Sea lice, Lepeophtheirus salmonis and Caligus orientalis (Copepoda: Caligidae), of wild and farmed fish in sea and brackish waters of Japan and adjacent regions: A review
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This paper reviews various aspects of the biology and effects of 2 caligid copepods, Lepeophtheirus salmonis and Caligus orientalis, on wild and farmed fish in sea and brackish waters of Japan and adjacent regions. Lepeophtheirus salmonis is a common parasite of wild adult chum (Oncorhynchus keta) and pink (O. gorbuscha) salmon migrating in northern Japanese waters. Masu salmon (O. masou) have the lowest level of infection. Juvenile chum salmon are sometimes infected. This parasite is also found on salmonids in Korean and Russian waters. The species occurs on coho salmon (O. kisutch) and rainbow trout (O. mykiss) farmed in coastal waters of northern Japan, but its infection is not a serious problem, because only young fish are reared and harvested in less than a year of culture and thus no fish are cultured during summer. This situation is very different from that in Scotland, Ireland, Norway, and Canada where L. salmonis causes serious damage to farms of Atlantic salmon (Salmo salar). Caligus orientalis is a parasite of coastal marine and brackish-water fish in Japan and neighboring countries (Taiwan, China, Korea, and Russia). This parasite has a wide host range and has been reported from over 20 fish species from different orders and families. It infects farmed and experimentally reared fish, such as rainbow trout in Japan, grey mullet (Mugil cephalus) and black porgy (Acanthopagrus schlegeli) in Taiwan, and Mozambique tilapia (Oreochromis mossambicus) in China. Heavy infection results in appetite reduction and death of fish. The parasite is one of the most important pathogens at brackish-water fish farms in Far East Asia.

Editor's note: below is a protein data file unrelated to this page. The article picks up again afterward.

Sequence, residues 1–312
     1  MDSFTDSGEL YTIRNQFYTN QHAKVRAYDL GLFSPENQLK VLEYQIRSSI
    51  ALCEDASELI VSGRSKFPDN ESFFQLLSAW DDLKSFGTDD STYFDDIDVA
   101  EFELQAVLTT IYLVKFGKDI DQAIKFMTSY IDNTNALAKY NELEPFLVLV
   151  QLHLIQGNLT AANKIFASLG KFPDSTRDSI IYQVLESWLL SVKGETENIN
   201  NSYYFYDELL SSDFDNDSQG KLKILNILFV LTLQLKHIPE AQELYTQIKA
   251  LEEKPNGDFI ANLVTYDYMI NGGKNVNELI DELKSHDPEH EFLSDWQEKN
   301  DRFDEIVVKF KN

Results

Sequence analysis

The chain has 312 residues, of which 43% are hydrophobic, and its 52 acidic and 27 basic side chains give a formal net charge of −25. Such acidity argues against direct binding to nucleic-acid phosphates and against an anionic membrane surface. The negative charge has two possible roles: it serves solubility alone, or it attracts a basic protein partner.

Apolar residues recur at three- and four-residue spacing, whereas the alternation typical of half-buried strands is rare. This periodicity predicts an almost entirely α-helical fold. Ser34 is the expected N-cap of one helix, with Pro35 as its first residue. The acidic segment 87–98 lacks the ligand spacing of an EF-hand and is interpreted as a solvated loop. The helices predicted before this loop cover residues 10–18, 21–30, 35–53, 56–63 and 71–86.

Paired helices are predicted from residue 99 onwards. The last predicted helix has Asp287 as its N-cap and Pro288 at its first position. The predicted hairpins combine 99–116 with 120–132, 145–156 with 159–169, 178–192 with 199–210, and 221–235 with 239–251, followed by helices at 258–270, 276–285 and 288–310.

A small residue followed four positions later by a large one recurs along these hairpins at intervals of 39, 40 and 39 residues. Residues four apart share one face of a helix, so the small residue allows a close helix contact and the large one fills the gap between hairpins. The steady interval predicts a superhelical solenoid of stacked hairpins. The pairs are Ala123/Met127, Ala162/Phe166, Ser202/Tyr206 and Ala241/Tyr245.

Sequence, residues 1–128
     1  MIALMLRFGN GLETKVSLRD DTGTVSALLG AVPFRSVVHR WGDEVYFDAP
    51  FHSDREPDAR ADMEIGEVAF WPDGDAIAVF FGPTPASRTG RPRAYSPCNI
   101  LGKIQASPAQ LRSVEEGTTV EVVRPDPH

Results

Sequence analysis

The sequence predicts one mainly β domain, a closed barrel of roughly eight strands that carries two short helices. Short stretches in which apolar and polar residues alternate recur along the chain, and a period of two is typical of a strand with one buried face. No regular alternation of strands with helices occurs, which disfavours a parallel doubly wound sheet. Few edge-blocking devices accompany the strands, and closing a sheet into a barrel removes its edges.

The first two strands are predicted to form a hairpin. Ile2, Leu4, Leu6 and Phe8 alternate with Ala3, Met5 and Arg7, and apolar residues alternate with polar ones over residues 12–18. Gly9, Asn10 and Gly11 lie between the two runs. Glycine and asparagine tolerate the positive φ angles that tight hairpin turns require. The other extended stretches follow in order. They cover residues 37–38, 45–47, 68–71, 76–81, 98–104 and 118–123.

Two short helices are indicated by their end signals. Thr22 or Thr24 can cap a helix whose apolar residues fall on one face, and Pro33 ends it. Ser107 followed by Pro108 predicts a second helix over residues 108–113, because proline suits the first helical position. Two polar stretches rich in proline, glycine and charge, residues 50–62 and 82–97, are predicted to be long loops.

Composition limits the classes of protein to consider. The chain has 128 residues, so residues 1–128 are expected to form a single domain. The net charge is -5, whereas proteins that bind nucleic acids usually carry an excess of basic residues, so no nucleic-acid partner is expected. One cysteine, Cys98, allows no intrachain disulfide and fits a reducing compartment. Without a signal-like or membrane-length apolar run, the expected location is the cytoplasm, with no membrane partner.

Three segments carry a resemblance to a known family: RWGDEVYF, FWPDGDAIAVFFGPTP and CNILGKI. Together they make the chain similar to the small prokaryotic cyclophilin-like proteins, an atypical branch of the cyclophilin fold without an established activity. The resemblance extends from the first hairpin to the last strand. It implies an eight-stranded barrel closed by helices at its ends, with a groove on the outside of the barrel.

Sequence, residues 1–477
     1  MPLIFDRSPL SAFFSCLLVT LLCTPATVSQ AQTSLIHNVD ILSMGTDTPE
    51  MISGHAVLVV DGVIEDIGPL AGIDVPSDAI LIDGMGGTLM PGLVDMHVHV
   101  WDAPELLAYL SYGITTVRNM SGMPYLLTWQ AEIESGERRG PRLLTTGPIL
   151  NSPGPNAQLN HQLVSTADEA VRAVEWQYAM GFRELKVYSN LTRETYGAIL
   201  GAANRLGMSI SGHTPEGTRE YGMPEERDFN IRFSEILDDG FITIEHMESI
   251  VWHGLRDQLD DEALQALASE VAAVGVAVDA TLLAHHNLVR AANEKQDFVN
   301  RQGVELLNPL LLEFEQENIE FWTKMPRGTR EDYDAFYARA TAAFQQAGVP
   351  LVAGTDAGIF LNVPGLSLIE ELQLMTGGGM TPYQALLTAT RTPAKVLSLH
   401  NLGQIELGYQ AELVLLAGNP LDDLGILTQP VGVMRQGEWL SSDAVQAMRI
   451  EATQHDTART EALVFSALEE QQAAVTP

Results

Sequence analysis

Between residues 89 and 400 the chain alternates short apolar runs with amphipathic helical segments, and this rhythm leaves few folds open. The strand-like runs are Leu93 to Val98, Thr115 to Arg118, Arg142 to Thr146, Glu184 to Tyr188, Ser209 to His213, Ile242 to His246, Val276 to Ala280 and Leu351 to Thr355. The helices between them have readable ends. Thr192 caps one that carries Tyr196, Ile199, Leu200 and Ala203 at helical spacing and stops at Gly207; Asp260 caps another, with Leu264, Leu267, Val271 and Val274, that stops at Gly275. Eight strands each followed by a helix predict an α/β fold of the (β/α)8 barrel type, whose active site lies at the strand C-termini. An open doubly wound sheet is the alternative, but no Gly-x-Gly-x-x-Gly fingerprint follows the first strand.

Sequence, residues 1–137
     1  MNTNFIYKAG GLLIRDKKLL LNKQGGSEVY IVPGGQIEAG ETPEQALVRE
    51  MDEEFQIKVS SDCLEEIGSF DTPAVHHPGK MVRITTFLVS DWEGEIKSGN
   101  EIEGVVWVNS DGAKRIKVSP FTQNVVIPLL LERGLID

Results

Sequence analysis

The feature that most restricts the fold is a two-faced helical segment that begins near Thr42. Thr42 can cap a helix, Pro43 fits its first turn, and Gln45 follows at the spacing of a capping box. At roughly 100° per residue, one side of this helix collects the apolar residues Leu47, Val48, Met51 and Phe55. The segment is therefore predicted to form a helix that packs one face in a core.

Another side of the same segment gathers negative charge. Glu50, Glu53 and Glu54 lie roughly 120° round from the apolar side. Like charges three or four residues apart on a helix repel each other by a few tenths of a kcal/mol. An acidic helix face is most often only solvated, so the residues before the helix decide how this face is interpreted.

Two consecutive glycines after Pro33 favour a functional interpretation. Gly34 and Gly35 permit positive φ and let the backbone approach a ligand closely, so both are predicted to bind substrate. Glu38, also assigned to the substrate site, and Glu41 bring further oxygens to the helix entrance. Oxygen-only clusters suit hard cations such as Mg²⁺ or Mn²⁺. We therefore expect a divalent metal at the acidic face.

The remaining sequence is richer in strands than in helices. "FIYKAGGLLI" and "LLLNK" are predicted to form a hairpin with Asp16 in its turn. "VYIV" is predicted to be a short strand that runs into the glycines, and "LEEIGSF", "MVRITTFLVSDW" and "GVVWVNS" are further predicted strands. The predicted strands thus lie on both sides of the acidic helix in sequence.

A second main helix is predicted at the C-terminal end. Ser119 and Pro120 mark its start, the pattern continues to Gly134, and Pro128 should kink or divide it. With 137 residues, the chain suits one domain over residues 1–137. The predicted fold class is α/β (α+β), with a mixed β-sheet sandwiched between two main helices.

Suggested CitationNagasawa, K. (2004). Sea lice, Lepeophtheirus salmonis and Caligus orientalis (Copepoda: Caligidae), of wild and farmed fish in sea and brackish waters of Japan and adjacent regions: A review.
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